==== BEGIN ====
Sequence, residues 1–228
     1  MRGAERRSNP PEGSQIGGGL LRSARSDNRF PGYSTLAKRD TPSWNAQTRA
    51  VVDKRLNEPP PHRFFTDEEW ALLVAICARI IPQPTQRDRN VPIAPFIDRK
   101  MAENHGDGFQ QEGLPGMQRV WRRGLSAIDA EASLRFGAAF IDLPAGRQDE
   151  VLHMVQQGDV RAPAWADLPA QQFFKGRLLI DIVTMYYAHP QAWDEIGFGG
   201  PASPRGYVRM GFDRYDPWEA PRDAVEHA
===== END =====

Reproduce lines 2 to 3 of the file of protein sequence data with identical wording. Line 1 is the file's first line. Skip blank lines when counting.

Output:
     1  MRGAERRSNP PEGSQIGGGL LRSARSDNRF PGYSTLAKRD TPSWNAQTRA
    51  VVDKRLNEPP PHRFFTDEEW ALLVAICARI IPQPTQRDRN VPIAPFIDRK